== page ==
October Celebration of Dickinson County Manufacturing

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Dickinson County is home to a rich tradition of manufacturing and construction, with homegrown companies that have evolved to hold a national or international presence. 

Accounting for 20-25% of the Dickinson area workforce, the manufacturing and construction sectors are prominent in our local economy. There is a vast product and project diversity among the companies that make up these workforce segments. 

Locally-manufactured products include electrical control panels and structures, snow removal equipment, marine and defense equipment, and even garbage trucks. In construction, expertise lies in road building, electrical systems contracting, custom modular homes, commercial construction, and large-scale concrete projects.  

All of these different products and services combine to provide security from a downturn in any one specific industry. Dickinson County’s unemployment rate remains below state and federal averages, even during the pandemic.

All of this success and growth has led to a new challenge of finding enough workers. A 2019 survey revealed that the Dickinson Area manufacturers would need 750 additional workers over the next 3-4 years.

Heavy Metal Tours – Dickinson County’s Spin on MFG Day

Each year, the first Friday in October is celebrated nationally as Manufacturing Day (MFG Day). Over the past several years, a group of stakeholders in Dickinson County have come together to raise awareness of manufacturing by hosting a MFG Day event. This year the group is celebrating manufacturing throughout October in a new, virtual way.

In 2018, stakeholders from the talent and education communities discussed ways to engage young people and introduce them to the community’s career opportunities. The group discovered that many in the community had no idea how these manufacturing companies had grown, changed, and advanced over the years. Heavy Metal Tours was born from that private and public sector collaboration.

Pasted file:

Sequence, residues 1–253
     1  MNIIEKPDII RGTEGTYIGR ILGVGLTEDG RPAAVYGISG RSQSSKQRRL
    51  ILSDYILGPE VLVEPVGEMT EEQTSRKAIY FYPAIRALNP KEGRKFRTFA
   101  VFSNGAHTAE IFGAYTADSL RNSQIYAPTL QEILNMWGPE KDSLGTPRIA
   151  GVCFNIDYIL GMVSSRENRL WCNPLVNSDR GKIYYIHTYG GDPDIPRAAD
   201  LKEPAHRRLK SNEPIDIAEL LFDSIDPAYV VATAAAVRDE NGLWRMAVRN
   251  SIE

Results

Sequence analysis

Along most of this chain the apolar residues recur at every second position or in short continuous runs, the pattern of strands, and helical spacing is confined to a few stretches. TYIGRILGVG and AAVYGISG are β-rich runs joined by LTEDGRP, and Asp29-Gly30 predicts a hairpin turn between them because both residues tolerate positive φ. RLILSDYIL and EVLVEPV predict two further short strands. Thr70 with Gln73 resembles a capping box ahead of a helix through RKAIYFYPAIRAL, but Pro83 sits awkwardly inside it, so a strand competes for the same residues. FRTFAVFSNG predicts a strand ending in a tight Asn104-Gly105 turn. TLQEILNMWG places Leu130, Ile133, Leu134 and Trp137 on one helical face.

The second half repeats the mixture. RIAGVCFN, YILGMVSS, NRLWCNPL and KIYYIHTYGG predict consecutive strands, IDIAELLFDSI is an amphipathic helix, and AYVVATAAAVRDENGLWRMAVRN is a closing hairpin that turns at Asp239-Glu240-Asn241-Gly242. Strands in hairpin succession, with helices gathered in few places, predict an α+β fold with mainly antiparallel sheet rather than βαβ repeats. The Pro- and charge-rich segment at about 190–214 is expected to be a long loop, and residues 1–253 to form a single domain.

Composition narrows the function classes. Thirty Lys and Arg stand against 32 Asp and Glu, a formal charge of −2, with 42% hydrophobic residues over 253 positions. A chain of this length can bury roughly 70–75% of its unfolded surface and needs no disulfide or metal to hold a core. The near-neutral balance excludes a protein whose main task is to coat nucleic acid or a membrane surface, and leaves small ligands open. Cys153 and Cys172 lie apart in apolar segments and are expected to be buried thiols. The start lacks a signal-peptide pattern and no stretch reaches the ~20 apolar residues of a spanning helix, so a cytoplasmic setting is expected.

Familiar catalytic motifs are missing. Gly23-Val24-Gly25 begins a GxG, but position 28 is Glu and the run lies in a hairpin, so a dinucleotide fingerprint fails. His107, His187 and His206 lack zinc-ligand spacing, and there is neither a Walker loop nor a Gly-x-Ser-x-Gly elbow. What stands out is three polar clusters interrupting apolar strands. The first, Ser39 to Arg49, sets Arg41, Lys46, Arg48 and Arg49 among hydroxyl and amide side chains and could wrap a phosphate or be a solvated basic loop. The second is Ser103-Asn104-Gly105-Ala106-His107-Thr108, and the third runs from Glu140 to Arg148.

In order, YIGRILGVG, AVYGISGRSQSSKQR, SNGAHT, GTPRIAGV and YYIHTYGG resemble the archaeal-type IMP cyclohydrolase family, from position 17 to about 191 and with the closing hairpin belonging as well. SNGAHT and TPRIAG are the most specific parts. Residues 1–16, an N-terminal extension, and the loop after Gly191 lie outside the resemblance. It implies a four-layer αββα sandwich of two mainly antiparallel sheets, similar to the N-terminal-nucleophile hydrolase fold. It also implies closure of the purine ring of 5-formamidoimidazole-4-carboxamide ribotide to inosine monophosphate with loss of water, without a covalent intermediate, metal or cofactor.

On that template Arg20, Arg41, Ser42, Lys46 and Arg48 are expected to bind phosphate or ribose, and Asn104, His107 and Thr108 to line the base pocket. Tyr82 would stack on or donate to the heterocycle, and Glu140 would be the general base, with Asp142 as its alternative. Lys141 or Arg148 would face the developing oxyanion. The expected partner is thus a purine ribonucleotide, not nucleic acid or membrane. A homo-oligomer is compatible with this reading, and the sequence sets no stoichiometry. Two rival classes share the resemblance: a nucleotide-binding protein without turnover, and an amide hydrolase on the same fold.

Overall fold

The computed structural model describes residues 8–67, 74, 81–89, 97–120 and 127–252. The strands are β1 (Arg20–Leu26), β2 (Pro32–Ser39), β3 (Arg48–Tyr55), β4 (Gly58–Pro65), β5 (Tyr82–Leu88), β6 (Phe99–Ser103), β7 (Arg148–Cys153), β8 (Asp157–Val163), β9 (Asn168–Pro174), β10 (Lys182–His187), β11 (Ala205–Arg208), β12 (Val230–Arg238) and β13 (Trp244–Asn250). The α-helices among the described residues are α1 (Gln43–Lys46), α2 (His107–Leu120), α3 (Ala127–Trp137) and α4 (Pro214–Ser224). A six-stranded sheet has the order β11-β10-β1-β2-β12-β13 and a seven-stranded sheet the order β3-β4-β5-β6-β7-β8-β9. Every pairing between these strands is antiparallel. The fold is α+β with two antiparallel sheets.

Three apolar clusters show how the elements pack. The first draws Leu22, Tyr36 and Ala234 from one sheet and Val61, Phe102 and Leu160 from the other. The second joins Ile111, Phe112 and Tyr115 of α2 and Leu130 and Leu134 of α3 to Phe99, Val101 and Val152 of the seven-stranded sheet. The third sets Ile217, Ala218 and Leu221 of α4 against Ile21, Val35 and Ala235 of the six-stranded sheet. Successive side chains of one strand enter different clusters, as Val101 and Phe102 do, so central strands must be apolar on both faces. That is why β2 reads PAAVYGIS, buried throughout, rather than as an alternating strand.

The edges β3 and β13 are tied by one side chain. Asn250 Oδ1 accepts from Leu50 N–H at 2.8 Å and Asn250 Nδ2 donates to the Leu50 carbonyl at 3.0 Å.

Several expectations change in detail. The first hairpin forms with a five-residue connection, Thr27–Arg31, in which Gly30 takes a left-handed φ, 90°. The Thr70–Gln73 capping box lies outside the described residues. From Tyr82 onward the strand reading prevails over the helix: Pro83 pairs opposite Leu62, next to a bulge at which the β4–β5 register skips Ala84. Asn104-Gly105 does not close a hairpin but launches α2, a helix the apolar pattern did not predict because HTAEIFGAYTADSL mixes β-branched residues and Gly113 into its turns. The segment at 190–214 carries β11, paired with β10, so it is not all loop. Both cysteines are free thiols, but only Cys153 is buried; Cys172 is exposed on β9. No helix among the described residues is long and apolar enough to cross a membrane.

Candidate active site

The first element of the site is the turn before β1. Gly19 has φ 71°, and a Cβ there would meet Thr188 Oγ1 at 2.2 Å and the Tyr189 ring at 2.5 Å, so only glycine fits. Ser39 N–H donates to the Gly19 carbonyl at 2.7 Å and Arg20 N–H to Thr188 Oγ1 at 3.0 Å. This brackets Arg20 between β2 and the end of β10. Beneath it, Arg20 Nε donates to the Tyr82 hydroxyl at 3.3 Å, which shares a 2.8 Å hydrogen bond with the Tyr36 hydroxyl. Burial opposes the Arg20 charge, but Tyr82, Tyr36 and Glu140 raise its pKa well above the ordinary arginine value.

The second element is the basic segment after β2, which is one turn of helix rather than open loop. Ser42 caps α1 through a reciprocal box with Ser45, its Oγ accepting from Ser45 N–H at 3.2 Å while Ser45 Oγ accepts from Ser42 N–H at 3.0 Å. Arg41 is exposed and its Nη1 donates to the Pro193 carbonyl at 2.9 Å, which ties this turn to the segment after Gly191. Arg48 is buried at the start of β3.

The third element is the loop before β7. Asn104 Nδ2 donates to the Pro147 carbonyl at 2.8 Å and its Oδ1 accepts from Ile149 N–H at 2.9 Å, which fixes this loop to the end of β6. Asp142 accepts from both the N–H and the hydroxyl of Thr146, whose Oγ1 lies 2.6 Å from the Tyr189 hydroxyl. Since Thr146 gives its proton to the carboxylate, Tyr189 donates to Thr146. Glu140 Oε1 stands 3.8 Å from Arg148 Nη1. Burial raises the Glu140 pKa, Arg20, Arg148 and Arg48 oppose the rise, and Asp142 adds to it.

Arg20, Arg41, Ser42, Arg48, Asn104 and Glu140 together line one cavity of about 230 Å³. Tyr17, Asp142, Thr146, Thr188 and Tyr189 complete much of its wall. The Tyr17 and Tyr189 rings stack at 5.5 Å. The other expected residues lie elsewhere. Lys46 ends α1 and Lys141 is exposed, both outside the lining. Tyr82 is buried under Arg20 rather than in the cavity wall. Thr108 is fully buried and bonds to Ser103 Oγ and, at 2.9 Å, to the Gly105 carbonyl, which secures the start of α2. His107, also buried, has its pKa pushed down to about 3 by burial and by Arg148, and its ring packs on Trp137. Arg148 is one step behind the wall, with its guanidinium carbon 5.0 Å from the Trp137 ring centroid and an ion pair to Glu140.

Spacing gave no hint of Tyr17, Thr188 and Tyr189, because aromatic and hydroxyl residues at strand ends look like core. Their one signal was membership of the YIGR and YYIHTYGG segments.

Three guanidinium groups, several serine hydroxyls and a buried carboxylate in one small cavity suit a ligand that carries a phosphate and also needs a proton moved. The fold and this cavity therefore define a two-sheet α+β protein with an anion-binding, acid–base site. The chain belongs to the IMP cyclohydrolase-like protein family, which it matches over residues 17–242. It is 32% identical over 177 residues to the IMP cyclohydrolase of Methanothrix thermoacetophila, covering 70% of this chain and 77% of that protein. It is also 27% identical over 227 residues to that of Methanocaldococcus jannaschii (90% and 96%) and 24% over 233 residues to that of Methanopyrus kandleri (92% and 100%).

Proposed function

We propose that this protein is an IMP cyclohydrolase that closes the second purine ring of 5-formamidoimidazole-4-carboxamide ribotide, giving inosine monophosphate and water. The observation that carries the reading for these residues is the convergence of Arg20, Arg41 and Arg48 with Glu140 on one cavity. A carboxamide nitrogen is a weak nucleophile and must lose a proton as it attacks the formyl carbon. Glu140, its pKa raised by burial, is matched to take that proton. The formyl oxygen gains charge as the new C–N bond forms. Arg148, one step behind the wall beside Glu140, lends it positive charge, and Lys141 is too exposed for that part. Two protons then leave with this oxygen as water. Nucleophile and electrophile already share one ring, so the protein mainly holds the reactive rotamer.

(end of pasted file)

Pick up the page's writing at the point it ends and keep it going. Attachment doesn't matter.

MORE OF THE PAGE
Heavy Metal Tours carries the message of connecting the educational path with open job opportunities that leads to success in these occupations and gives a modern view of what manufacturing looks like today.

Heavy Metal Tours partners hosted MFG Day events in 2018 and 2019 by bringing 250 area 9th grade students to Bay College West Campus for a series of 30-minute, hands-on activities guided by area manufacturers. The days are fast-paced and full of energy. The students explore the skill sets that manufacturers are looking for and solve problems by working in teams.

Students complete a survey before the day begins to gauge their manufacturing career perceptions and understand their future career plans. At the event’s conclusion, students complete a second survey to measure any perception shifts after the MFG Day experience.

Changing Perceptions

In 2019, we collected 221 surveys from the 250 freshmen students that attended MFG Day. 32% indicated they were likely to enroll in a career or technical based course during high school, which equates to about 70 students.

The results show the most popular career tracks for these interested students are:

  • mechatronics, 
  • welding,
  • health occupations, and